Supes approve memorial for Alex Nieto, man killed by SFPD

In a final vote Tuesday, the Board of Supervisors approved the installation of a memorial for Alex Nieto, who was shot and killed by San Francisco police in Bernal Heights Park on March 21, 2014.
During the board’s first vote Dec. 13 on installing the memorial for Nieto, the vote was 9-to-1 in support.

At the time, the District 8 seat was left vacant by now-state Sen. Scott Wiener, and the vote was also taken with now-former board members.

SEE RELATED: SF approves Alex Nieto memorial in Bernal Heights Park

The new board, which was ceremoniously sworn in Monday, voted 10-1 in support of the memorial in a second and final vote. Mayor Ed Lee’s newly District 8-appointed Supervisor Jeff Sheehy voted in support of it as did District 11 Supervisor Ahsha Safai, who received support from the Police Officers Association during his election in November.

The other two new members of the board also expectedly voted in support of the memorial.

The police union had blasted the Dec. 13 vote. “We believe that we as a city should instead be honoring real heroes, the first responders who made the ultimate sacrifice while protecting our community from harm,” Martin Halloran, head of the POA, said at that time in a statement.

The former District 11 Supervisor John Avalos, who had introduced the legislation, said at the Dec. 13 meeting, “If we acknowledge these incidents have happened, it brings us closer.”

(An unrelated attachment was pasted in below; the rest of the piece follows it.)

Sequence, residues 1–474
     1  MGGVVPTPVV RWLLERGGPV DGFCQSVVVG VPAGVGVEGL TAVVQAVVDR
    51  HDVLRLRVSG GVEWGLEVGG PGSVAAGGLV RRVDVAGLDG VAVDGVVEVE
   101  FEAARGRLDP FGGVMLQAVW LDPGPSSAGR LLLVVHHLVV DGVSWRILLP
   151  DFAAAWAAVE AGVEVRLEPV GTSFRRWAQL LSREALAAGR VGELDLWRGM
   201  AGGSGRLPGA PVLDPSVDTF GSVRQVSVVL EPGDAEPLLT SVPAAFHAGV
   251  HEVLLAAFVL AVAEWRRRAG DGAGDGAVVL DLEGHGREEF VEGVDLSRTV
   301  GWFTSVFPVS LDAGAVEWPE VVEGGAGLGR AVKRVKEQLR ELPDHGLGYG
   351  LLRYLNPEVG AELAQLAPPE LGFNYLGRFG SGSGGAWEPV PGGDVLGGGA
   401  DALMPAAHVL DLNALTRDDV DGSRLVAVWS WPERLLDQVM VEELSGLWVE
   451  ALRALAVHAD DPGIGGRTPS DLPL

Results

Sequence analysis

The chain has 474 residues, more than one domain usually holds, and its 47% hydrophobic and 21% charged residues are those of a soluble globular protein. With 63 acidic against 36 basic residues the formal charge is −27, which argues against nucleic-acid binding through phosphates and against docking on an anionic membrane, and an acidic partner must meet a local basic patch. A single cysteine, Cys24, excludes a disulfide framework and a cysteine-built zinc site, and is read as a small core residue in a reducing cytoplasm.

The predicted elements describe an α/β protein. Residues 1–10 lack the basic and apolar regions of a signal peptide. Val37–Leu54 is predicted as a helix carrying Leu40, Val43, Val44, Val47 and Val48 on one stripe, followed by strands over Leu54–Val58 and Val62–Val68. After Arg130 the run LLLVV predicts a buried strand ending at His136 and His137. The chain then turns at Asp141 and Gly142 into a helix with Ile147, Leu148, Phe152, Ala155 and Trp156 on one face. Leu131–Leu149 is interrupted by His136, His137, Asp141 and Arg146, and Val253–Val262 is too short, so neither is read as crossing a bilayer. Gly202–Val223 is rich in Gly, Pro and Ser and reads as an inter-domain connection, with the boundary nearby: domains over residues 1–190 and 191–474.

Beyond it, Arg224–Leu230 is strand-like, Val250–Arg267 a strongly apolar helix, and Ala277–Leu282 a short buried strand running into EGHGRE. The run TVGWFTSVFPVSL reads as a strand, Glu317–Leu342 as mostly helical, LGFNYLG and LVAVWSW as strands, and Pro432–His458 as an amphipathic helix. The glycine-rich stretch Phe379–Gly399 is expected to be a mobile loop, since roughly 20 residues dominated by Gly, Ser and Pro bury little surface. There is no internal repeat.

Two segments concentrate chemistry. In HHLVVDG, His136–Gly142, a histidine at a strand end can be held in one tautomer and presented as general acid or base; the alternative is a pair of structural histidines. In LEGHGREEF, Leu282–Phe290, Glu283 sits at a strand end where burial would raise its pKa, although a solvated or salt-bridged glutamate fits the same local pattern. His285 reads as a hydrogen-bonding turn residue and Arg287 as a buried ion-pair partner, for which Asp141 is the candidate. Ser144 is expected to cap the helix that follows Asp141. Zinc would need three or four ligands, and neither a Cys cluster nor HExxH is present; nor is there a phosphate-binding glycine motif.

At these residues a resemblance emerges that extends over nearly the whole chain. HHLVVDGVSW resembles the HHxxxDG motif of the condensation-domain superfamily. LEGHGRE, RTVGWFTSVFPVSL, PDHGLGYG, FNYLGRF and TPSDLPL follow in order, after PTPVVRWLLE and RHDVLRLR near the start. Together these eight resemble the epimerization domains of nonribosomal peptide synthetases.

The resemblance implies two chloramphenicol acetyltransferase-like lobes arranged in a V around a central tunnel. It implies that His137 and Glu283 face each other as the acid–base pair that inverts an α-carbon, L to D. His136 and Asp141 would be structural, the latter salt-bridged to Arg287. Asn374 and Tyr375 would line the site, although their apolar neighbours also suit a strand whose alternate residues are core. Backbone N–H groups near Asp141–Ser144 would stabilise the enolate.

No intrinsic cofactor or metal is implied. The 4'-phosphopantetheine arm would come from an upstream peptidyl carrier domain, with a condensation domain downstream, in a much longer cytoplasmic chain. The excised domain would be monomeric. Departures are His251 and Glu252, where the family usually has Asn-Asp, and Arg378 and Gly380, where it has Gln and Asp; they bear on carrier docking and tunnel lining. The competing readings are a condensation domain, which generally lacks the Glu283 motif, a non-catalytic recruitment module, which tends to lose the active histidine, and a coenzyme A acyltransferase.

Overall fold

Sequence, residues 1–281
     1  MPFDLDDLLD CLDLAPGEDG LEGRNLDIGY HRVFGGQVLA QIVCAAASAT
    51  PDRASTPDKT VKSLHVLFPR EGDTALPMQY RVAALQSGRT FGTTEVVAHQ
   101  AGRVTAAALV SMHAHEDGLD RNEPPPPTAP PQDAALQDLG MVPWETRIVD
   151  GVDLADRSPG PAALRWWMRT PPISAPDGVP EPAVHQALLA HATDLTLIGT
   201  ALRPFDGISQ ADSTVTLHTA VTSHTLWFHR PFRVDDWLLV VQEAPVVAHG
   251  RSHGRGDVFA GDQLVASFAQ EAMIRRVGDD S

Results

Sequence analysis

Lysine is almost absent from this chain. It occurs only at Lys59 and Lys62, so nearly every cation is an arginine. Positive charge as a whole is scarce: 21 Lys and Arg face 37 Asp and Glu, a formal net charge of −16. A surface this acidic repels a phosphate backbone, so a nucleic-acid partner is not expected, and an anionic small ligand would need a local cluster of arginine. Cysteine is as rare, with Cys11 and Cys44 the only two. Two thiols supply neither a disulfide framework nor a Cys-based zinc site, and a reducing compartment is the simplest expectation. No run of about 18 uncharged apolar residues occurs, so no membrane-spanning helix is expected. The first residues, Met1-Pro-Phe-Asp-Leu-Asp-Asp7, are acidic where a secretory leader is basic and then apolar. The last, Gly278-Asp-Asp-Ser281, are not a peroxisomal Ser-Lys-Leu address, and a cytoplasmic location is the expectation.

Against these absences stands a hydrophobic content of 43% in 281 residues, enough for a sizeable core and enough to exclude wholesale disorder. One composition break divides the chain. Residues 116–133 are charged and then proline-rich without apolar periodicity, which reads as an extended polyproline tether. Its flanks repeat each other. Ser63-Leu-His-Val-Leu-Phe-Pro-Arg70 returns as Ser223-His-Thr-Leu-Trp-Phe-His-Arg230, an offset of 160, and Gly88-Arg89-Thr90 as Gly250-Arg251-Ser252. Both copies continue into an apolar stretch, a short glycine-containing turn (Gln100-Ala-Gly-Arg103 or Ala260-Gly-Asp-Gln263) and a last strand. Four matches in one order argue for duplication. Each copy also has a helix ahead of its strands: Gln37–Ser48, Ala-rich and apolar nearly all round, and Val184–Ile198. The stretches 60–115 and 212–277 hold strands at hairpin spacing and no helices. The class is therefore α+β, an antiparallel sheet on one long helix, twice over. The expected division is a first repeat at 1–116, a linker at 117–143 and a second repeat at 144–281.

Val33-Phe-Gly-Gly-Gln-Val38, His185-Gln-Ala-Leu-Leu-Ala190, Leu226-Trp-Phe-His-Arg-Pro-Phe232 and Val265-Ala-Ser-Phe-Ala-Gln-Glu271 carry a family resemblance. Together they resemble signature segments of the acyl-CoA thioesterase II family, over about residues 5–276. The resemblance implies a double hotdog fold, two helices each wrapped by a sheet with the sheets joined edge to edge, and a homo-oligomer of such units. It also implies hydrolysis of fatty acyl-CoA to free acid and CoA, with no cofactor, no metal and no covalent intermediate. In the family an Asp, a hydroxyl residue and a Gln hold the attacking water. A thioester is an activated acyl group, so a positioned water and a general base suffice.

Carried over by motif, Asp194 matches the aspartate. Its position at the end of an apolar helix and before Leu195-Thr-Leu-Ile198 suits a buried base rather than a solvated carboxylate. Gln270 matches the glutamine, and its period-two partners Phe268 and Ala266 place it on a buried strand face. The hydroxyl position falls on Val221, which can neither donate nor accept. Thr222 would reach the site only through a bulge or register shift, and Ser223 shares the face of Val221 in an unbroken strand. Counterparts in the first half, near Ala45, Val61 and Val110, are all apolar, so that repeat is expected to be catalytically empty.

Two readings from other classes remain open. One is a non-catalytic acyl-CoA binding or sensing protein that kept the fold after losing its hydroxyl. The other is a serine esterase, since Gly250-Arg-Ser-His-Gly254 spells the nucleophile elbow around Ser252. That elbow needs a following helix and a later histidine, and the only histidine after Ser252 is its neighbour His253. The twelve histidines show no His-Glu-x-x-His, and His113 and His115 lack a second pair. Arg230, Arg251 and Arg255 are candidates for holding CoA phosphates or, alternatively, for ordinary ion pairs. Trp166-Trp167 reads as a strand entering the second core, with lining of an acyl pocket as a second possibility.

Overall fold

Avalos said at the time the memorial was about a “sense of healing.”

At the site of Nieto’s killing, there is currently an altar that is often visited by Nieto’s parents, who attended the Dec. 13 meeting.

The only “no” vote on both occasions was from Supervisor Mark Farrell, whose speech was similar to the POA’s statement.

Farrell called the incident “horrific” during the Dec. 13 meeting but said he opposed the memorial “because of the message that it is sending to the men and women of our Police Department who put their lives on the line for us every single day.”

Cohen, at the time, said the memorial was “an opportunity for us to come together. This should be healing. This should be bringing peace.” She said Farrell’s talking points were “tearing us apart.”

A civil federal grand jury exonerated the four officers who shot Nieto after police said he pointed a stun gun at them when responding to a call about a man with a gun.

The memorial will be designed through community input and require approval by the Arts Commission.

Joshua Sabatini
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Joshua Sabatini

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